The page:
5. 'Looking for Alaska' by John Green



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Looking for Alaska only touches on sex briefly, but significantly enough to be banned in some school districts. When two characters try to have oral sex for the first time, they have no idea what they're doing, to the point where they have to ask their friend for help. When they're done, one breaks the embarrassed silence by proposing they do homework.

Green said in a vlog about the controversial oral sex scene that he included this scene in order to draw a contrast: "The argument here is that physical intimacy can never stand in for emotional closeness and when teenagers attempt to conflate these ideas, it inevitably fails."

6. 'All Our Pretty Songs' by Sarah McCarry


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For lovers of fantasy novels, this is the sex-positive book for you. The first of a trilogy, the story follows a nameless narrator and her best friend Aurora as they face mythical creatures and discover their own sexuality. The love story is surprising, and even more importantly, this is one of the only young adult novels with female masturbation. Instead of being shameful, it is powerful, and a natural part of the character's behavior. 

The novel doesn't linger on this moment, instead focusing on what Booklist describes as a "rich narrative [which] is as smooth and seductive as Aurora and Jack can be."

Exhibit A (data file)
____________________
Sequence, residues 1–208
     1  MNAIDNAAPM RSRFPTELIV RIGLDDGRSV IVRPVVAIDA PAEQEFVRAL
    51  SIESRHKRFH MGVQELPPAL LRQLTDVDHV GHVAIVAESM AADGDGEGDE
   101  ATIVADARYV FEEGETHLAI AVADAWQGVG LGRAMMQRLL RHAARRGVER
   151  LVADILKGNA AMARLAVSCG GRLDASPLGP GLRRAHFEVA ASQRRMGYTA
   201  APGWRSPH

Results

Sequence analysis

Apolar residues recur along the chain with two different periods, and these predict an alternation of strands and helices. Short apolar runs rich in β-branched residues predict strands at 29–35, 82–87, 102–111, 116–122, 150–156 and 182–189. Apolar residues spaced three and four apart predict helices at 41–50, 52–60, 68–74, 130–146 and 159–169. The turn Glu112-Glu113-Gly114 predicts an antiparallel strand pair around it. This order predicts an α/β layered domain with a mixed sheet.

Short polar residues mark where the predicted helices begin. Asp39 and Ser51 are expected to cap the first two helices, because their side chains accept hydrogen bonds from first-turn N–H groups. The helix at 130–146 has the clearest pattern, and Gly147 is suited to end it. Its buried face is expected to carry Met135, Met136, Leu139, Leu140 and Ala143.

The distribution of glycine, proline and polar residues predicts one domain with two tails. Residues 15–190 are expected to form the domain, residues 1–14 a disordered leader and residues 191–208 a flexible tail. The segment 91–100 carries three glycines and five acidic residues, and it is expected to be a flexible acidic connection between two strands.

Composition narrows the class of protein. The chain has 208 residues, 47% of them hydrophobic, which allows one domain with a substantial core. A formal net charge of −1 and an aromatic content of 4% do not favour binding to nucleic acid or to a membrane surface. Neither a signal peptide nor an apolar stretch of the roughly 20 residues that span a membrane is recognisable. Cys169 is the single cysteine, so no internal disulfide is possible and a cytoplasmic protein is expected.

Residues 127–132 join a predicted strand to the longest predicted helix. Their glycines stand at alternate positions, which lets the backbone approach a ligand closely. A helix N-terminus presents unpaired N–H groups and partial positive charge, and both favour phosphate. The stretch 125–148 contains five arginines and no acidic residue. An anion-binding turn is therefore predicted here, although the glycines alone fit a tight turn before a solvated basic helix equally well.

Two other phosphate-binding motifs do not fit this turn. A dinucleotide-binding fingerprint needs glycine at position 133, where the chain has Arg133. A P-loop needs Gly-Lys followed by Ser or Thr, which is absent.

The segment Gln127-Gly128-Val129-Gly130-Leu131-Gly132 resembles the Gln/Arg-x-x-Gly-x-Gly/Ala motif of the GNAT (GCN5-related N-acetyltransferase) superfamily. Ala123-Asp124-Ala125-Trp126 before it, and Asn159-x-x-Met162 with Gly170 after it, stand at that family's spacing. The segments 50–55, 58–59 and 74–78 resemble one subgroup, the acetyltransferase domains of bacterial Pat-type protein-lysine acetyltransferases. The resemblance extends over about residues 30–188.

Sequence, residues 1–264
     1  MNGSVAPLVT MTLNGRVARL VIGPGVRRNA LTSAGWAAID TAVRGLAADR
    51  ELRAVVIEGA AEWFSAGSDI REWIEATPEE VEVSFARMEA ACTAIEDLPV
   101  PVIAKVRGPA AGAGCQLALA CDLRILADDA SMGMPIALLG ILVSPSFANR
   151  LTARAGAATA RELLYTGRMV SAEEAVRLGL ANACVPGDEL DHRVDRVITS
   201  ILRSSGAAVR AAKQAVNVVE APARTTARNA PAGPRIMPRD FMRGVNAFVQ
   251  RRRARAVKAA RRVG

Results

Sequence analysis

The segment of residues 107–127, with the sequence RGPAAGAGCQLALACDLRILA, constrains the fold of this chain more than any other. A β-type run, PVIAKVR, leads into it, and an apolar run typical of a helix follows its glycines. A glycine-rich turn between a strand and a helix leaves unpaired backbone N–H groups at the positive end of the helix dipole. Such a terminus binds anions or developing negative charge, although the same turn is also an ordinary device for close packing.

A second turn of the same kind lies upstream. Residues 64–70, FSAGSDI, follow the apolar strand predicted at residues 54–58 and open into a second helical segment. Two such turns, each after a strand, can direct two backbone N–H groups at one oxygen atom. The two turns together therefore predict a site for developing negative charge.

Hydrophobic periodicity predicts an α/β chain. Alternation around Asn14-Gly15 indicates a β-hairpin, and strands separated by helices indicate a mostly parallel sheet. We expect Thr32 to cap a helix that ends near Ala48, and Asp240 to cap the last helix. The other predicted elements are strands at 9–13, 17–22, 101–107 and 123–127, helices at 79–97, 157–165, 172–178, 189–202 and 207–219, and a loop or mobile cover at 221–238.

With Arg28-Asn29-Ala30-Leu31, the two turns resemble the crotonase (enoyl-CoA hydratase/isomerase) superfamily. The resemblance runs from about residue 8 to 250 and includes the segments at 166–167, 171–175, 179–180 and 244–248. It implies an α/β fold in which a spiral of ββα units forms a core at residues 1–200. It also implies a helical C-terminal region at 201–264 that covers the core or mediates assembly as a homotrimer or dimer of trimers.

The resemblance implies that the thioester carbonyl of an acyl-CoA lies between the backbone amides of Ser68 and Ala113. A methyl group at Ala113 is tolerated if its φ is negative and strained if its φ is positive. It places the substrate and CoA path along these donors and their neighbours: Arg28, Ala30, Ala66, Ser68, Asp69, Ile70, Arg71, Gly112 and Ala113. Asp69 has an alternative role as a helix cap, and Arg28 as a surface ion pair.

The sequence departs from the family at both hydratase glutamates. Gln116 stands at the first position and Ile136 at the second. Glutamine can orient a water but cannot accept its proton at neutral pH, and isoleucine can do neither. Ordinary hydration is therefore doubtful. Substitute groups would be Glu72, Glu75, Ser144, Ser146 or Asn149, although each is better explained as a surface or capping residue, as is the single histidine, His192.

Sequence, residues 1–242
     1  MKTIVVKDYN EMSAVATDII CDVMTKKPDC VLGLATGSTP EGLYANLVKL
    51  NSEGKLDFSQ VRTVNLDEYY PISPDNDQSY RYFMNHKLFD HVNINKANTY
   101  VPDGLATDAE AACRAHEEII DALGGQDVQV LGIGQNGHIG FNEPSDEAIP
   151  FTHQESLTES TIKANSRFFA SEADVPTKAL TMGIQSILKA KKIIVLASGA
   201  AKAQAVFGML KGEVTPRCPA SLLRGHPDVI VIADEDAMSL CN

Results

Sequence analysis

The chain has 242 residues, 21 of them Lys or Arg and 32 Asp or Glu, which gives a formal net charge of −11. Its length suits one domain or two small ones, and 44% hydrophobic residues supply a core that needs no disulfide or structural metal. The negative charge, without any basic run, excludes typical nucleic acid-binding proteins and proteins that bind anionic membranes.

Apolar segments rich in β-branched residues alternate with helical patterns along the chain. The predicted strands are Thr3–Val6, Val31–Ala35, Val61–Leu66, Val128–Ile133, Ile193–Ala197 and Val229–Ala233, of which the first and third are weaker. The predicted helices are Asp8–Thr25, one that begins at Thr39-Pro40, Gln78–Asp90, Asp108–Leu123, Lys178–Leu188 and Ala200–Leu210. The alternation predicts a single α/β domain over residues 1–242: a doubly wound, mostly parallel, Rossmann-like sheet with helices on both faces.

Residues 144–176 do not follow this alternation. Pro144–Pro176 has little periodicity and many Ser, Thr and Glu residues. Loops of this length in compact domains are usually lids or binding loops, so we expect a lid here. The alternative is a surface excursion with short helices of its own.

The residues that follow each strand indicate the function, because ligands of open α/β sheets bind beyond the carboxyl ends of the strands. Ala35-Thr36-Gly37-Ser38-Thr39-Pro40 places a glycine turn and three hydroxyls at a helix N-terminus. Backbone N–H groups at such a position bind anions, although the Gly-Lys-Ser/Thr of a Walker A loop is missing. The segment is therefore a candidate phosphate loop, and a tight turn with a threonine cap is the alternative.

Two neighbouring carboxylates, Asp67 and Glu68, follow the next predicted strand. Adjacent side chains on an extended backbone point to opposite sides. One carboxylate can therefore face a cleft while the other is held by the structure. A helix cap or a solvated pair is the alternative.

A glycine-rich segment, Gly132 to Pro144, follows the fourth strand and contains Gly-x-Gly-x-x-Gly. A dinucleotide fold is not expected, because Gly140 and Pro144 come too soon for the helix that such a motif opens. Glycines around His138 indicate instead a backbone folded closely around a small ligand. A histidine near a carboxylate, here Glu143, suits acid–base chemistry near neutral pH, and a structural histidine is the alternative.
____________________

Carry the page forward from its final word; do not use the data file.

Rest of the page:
7. 'Nick and Norah's Infinite Playlist' by Rachel Cohn and David Levithan


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This quick read is a light YA romp that takes place over a night spent together. Nick and Norah are instantly attracted to each other, and have no shame in following that attraction wherever it takes them. Beyond beautiful descriptions of their physical attraction, the novel also switches between their perspectives, so we are able to see how both partners react to this whirlwind encounter. 

The Bulletin described the novel as "electric, sexy ... and genuinely poignant ... a compelling story of the risks and thrills of burgeoning intimacy." It shows the real effects of lust and intimacy on teenagers who've just met, without talking down to them.  

8. 'Dramarama' by E. Lockhart